If you’d told Dave Boehm a few years ago that he would one day be volunteering as a greeter for the Union Gospel Mission’s 73rd annual Christmas Dinner last Saturday, he would’ve laughed in your face.
Boehm was a functioning alcoholic who only drank on weekends through a deal he made with Robbie, his beloved wife of 25 years. But when she died in 1995, Boehm’s problem grew to a 40-pounder-a-day one.
“She died of cancer and I started drinking more,” he said. “Then a year later my sister died of cancer and I started drinking more. Then my uncle died of — guess what?! And I started drinking more.
“At that point, I hated everybody, hated everything. Got a gun, went down to the Fraser River and took a bottle of rye with me. Pulled the trigger and... nothing. It’d jammed. Well, I thought, I’ll just drink myself to death.”
He gave it his all until two-and-a-half years ago when the mess of a man walked into the Union Gospel Mission in the Downtown Eastside, looking for a cup of coffee. Somebody mentioned the alcohol and drug recovery program and Boehm asked, jokingly, how many applications there were. A huge stack, he was told.
“OK, great! Sign me up! But I’m still going to the liquor store,” he remembers saying. But the Union Gospel Mission people called him on his cheeky bluff and, 45 minutes later, the none-too-pleased Boehm landed himself in the program.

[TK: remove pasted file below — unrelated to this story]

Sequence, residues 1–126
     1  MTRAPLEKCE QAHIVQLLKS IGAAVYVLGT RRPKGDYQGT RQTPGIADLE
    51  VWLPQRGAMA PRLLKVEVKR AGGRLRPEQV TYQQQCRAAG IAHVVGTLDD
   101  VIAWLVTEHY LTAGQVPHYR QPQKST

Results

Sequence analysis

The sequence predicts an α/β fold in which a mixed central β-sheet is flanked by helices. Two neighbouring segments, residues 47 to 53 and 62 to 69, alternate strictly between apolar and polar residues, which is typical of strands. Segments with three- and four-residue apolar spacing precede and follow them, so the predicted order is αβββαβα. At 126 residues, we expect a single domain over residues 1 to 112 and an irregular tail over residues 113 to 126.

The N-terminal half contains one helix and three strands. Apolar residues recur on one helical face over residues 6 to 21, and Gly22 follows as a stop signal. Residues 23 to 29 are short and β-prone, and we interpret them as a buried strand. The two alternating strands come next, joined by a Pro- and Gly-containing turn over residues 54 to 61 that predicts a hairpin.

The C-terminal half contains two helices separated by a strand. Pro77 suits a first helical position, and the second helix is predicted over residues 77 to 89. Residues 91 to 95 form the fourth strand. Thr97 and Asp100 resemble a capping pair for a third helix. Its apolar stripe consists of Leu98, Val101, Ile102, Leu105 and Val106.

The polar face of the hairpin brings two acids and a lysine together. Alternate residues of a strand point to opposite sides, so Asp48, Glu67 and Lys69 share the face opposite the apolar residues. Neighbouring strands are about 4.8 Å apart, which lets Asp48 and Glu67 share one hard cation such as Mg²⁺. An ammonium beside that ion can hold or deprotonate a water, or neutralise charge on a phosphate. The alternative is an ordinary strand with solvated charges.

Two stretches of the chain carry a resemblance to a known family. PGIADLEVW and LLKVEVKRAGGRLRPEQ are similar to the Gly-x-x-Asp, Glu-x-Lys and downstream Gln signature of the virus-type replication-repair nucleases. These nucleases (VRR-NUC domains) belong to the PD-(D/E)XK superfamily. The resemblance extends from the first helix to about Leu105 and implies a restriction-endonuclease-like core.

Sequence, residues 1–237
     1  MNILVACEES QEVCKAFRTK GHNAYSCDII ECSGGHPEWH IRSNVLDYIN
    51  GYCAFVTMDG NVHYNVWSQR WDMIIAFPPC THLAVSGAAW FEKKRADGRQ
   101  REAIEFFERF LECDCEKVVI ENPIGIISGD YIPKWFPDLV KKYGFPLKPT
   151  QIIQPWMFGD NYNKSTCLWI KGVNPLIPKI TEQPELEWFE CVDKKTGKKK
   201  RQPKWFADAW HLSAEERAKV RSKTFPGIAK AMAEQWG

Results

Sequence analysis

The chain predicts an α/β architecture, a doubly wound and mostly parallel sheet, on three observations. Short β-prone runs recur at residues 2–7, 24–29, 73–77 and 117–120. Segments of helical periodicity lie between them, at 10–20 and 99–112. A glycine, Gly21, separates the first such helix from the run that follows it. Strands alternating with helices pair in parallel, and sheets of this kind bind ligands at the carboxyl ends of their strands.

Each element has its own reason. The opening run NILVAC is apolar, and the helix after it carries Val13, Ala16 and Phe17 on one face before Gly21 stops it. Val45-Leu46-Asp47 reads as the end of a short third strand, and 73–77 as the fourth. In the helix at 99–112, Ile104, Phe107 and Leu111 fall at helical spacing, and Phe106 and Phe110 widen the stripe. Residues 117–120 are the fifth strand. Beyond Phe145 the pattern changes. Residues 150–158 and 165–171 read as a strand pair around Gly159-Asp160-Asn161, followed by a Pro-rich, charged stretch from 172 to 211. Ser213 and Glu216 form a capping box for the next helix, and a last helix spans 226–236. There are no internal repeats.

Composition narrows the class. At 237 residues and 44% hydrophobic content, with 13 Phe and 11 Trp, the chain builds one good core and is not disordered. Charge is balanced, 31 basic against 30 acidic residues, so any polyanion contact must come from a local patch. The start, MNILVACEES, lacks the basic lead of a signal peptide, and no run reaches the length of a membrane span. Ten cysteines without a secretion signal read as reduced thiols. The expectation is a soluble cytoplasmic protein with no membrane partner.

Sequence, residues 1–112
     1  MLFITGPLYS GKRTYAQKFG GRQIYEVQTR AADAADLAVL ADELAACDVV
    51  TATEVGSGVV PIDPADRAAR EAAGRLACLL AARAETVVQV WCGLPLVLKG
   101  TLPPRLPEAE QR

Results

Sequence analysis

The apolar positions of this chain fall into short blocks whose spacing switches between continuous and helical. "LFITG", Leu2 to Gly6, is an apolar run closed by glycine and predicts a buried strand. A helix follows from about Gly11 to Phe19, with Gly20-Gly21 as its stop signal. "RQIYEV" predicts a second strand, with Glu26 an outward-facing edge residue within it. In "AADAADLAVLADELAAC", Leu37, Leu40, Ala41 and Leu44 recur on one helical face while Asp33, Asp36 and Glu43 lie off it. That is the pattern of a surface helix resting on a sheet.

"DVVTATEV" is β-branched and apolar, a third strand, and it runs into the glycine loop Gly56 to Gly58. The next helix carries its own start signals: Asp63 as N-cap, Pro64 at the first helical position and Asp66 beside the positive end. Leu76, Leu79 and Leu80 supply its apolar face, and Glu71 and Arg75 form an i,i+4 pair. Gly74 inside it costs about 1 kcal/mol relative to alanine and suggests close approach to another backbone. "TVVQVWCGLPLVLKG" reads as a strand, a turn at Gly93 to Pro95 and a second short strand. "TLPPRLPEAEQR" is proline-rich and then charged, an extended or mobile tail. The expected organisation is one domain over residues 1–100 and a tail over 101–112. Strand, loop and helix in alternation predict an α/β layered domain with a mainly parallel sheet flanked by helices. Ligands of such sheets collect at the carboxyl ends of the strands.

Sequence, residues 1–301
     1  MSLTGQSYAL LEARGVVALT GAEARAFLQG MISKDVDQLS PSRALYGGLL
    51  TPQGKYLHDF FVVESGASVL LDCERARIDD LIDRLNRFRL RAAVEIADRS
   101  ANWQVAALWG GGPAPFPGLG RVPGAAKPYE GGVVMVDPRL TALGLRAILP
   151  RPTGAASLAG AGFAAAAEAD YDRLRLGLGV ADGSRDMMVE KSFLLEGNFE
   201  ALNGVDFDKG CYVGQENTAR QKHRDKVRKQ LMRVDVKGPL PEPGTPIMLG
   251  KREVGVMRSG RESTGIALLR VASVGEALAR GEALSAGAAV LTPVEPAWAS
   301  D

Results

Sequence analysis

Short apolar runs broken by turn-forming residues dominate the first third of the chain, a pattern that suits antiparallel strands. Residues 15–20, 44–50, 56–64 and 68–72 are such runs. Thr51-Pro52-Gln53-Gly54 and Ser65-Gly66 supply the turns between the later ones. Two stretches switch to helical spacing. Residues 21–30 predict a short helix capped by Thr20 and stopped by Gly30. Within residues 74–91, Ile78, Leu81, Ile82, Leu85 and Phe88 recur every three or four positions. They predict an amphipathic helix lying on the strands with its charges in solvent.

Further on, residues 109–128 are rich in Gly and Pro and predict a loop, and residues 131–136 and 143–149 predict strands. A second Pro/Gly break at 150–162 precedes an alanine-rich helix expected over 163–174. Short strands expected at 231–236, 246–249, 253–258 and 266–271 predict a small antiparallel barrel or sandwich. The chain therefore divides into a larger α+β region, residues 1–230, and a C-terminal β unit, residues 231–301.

“For the first month, I tried to escape,” he said. “But I couldn’t even find my room, and it was right by the elevator. That’s how screwed up my brain was.”
The challenges rolled in like waves. Four months into the six-month program, Boehm suffered a stroke, which put him in a wheelchair.
Then he found out about the cancer — all five kinds of it. He was given six months to live, two-and-a-half years ago.
“Now, I just want to give back,” he said between smiling and giving the thumbs up to practically everybody in the bustling lobby of the Union Gospel Mission. “I volunteer whenever they want me, wherever they want me. I get to be the greeter, and that means I don’t have to stand out in the cold, yay!”
People from the community lined up in -6 C temperatures for the free Christmas dinner at the Downtown Eastside location of the Union Gospel Mission (meals were also being served at its Women’s and Family Centre on East Cordova as well as its New Westminster location).
About three thousand plates of food were served to the hungry during the course of the day, which included 3,500 pounds of turkey, 800 pounds of mashed potatoes and 675 cherry pies.
The Christmas dinner once was traditionally served on Christmas Day but, over time, other groups in the neighbourhood started offering dinner.
So the Union Gospel Mission decided it would be best to offer a meal on a different day, so people wouldn’t have to pick and choose, said the mission’s Keela Keeping, adding that it also doesn’t spread the 200 volunteers too thin.
“It’s a beautiful thing,” Keeping said. “We have a CEO on one side, and somebody who was homeless on the other, working together.”
For Boehm, he’s especially appreciative as this will be the first Christmas in the last couple of years he won’t spend in the hospital.
“I ended up with a new chance.”
The United Gospel Mission hosts a second Christmas Dinner, this time partnering up with Glowbal Collection Restaurants Dec. 17, at 3 p.m.